• Mix flour, sugar, baking powder, baking soda, salt, minced habanero, and black pepper in a medium bowl. Cut butter into dry ingredients using a pastry cutter, two knives or your fingers until the mixture is a pale tan and the texture of bread crumbs.
• Mix egg and buttermilk in a small bowl; add all but 1 tbsp. to the dry ingredients and stir to form a soft dough. With lightly floured hands, pat out dough into a circle ¾-inch thick; cut into 8 3-inch rounds using a biscuit or cookie cutter.
• Coat grill screen lightly with oil and place shortcakes on screen away from direct flame. Brush tops with leftover buttermilk-egg mixture.
Sliced plums hot off the grill• Cover grill and cook until bottoms are brown (about 15 minutes). Turn shortcakes over with a spatula and grill until lightly toasted (about 3 minutes). Set aside.

Grilled plum salsa cooking and preparation:
• Increase heat to medium-high. Toss plums with oil and grill directly over the fire until skin is blistered and the cut surfaces are grill-marked (about 3 minutes per side).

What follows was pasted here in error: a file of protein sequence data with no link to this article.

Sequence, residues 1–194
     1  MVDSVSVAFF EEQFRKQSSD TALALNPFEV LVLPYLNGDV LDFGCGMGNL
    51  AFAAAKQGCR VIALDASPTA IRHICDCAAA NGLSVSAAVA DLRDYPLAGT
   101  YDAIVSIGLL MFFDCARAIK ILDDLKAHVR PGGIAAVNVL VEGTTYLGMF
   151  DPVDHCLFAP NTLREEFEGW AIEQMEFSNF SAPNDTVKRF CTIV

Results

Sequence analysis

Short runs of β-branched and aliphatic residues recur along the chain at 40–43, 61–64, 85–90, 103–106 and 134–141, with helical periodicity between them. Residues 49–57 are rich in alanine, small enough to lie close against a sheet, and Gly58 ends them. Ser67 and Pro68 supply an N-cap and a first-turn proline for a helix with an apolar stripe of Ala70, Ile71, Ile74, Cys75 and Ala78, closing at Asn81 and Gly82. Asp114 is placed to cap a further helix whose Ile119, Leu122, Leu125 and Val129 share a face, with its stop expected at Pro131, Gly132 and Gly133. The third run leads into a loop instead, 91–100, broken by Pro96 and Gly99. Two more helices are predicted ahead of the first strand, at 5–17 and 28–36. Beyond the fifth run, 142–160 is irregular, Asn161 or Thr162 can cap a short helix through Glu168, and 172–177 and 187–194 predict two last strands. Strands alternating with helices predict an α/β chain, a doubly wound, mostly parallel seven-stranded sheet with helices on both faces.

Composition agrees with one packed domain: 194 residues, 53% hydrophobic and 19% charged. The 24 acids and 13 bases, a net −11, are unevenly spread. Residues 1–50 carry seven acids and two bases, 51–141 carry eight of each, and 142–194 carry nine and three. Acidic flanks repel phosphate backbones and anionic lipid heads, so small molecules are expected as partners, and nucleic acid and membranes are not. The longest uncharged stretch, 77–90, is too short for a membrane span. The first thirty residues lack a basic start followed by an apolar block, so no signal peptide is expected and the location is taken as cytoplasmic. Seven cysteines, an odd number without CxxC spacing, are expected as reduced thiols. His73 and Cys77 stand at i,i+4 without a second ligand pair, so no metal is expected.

Andrew Schloss’ grilled habanero shortcakes with chunky plum salsa• Remove plums from grill and cut each half into 8 chunks. Toss with honey, butter, vanilla and mint until butter melts.

Assembly:
• Slice shortcakes in half horizontally. Cover bottoms with plums; add tops and cover with more plums.
• Garnish with whipped cream or crème fraîche.
• Makes 8 servings.

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Guillermo Pernot’s Golden Sweet Corn on the Cob
• 6 ears golden corn
• 1 cup water
• 1 cup granulated sugar
• 2 cups guarapo (sugar cane juice)
• 6 oz. Cotija cheese
• 3 tbsps. cilantro, minced

• In a saucepan, combine water and sugar, and heat until thoroughly combined.
• Add the sugar cane juice and pour marinade over ears of corn in a suitable container.
• Allow corn to marinate overnight.